6. #6

    Re: Reasons for corrupt class member values?

    Thanks Philip, worked a treat. I didn't think about changing the arg names.

    I've found normally it is ok to have an argument the same name as a variable, in fact the practice is used in a couple of text books I've used, but I suppose it could be bad practice to do it this way.

    Is there any reason the program would get confused in this case?

  7. #7
    Join Date
    Apr 1999
    Posts
    27,449

    Re: Reasons for corrupt class member values?

    Quote Originally Posted by goatslayer
    Thats just a bit rude paul, I felt I would save posting 130 lines of code in favour of a quick description, and why call it "bad programming",
    I wouldn't call it "good programming". There could be a myriad of reasons why code that doesn't work doesn't work, and 99% of those reasons point to the fault of the programmer. And "bad programming" doesn't mean that the person with the faulty code is a bad programmer. It means exactly what is stated -- something bad was done in the program.

    As to being "rude" I guess these guys are rude to:

    http://www.parashift.com/c++-faq-lit...t.html#faq-5.8

    If you have a problem with code, no one can give an answer if no code is posted.

    Describing in words what your code is doing seems, on the surface, to be helpful for someone not used to helping others figure out a problem, but in reality it isn't helpful, and many times winds up wasting time. I've seen too many times where a poster describes their code, and once their code is actually posted, they didn't do what they had described. Before posting the code, this led others giving wrong reasons for the code being wrong.

    That's why it's always preferred to post the code that is giving the problem. You could have duplicated the problem with a much smaller example. The reason why reproducing the problem with a smaller example is beneficial is that maybe you will find the problem yourself when you attempt to reduce the program down before posting.

    Regards,

    Paul McKenzie
    Last edited by Paul McKenzie; September 13th, 2007 at 10:05 AM.

  8. #8
    Join Date
    Apr 1999
    Posts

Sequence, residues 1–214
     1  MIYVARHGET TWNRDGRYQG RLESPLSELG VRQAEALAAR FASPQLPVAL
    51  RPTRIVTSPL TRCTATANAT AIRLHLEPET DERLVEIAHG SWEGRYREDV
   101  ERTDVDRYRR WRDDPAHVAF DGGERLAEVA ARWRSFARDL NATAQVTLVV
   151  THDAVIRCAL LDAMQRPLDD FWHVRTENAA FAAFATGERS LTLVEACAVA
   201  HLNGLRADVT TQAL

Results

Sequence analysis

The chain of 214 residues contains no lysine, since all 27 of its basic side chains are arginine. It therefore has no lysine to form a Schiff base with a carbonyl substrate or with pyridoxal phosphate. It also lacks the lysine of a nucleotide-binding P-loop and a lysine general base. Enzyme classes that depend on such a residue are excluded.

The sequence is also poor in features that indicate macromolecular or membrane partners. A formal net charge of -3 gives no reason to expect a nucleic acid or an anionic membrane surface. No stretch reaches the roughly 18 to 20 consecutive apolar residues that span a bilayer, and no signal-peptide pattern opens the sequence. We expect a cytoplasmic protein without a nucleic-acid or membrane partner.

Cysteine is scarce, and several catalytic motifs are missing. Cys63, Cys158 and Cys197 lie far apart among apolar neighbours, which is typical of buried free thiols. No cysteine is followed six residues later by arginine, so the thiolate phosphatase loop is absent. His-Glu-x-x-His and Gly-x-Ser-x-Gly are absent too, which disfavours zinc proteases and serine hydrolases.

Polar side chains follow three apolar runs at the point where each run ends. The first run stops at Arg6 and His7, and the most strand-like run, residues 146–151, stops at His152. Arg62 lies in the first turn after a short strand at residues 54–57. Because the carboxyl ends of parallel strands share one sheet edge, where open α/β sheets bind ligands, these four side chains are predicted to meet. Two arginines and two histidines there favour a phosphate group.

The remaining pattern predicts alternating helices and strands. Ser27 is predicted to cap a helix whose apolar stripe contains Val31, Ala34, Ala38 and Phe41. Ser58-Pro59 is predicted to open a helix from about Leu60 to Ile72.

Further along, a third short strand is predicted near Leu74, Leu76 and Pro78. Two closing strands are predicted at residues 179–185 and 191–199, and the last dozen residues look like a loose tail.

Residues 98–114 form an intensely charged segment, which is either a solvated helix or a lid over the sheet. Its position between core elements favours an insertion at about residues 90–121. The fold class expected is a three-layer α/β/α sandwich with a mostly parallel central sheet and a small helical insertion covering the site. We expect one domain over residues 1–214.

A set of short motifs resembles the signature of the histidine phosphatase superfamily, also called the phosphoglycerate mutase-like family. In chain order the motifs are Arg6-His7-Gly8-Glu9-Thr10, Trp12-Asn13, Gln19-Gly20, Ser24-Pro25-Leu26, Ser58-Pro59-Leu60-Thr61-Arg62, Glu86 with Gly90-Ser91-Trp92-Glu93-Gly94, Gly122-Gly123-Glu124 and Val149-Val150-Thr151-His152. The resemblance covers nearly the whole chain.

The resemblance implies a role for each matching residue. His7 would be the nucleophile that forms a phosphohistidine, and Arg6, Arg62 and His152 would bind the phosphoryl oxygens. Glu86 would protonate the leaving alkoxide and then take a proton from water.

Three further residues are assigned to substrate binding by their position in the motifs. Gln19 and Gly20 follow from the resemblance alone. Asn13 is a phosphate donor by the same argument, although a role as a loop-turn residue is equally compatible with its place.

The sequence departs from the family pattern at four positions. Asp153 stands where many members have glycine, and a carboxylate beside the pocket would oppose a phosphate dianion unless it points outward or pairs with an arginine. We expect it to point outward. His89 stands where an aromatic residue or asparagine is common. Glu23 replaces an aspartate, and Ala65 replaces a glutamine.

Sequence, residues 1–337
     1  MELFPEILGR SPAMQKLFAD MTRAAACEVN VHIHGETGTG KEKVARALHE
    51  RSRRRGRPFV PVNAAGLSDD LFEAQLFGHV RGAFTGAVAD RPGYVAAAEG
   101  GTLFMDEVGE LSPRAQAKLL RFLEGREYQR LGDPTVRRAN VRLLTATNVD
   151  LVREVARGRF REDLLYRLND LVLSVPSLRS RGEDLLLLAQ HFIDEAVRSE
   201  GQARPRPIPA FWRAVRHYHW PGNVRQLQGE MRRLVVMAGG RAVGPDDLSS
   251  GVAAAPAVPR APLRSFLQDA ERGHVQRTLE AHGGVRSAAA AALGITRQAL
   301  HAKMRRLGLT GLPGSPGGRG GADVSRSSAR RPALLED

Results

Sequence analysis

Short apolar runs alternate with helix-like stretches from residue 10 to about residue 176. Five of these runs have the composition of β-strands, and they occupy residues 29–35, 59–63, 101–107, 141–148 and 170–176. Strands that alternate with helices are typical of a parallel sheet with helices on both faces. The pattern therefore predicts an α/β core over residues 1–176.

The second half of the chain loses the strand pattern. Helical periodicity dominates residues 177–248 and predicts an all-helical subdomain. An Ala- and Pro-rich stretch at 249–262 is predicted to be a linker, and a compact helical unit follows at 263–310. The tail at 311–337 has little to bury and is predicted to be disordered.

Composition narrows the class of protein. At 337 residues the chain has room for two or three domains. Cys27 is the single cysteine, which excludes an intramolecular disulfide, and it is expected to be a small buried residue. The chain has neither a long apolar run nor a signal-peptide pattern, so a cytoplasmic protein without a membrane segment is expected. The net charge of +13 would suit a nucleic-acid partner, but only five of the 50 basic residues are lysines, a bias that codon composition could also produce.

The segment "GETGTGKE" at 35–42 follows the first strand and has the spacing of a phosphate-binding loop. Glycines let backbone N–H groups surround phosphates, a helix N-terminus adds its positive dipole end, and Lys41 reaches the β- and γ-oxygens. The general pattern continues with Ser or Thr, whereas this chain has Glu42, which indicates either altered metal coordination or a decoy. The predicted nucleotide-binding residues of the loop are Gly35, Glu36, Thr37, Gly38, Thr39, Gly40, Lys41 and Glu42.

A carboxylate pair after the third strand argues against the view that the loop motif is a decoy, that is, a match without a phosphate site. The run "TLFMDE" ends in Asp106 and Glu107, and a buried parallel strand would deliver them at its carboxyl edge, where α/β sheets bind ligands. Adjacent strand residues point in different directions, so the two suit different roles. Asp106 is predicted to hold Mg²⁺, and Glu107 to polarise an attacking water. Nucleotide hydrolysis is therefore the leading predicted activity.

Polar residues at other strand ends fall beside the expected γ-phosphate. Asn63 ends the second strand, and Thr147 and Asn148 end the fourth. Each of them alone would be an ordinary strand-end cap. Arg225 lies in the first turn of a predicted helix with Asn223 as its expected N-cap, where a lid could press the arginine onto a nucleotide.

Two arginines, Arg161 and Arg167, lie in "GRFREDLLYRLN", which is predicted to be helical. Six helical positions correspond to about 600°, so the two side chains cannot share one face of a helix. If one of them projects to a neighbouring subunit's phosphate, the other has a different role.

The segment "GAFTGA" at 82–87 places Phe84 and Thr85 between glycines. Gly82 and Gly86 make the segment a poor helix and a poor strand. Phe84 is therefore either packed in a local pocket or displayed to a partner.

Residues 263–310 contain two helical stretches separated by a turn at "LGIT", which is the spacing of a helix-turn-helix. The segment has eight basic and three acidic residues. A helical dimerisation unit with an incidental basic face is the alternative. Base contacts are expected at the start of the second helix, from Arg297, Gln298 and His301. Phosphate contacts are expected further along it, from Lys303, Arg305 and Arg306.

27,449

    Re: Reasons for corrupt class member values?

    Quote Originally Posted by goatslayer
    Is there any reason the program would get confused in this case?
    Code:
    class foo
    {
       public:
            void footest(int x) const { x = x;}
            int x;
    };
    
    int main()
    {
       foo f;
       f.footest(1);
    }
    So which "x" is used? Is it the parameter value, or is it the member variable? The variable that is used is the parameter. Since the parameter is temporary, you just assigned a temporary to itself, not changing the member variable.

    To prove this is the case, the footest() function is declared as const. This means that no member variable can be changed within the function. The code compiles with no errors at all, meaning that the member variable "x" was not changed.

    This code does give an error:
    Code:
    class foo
    {
       public:
            void footest(int x) const { this->x = x;}
            int x;
    };
    
    int main()
    {
       foo f;
       f.footest(1);
    }
    Since you are now changing the member variable, this code no longer compiles.

    What textbooks shows assigning an argument to itself, and claim that the member variable is being changed?

    Regards,

    Paul McKenzie

  9. #9

    Re: Reasons for corrupt class member values?

    It looks like the text is wrong, don't laugh at the title but it is McGrath - C++ Programming in Easy steps, P104.

    It declares a setter method using the arg (int age), and declares the variable int age as a class member.

    When it defines the method it uses the arg (int yrs). Using this parameter it can assign the value to the variable age no problem.

    I should have picked this up. Thanks.
    Last edited by goatslayer; September 13th, 2007 at 10:34 AM. Reason: inaccurate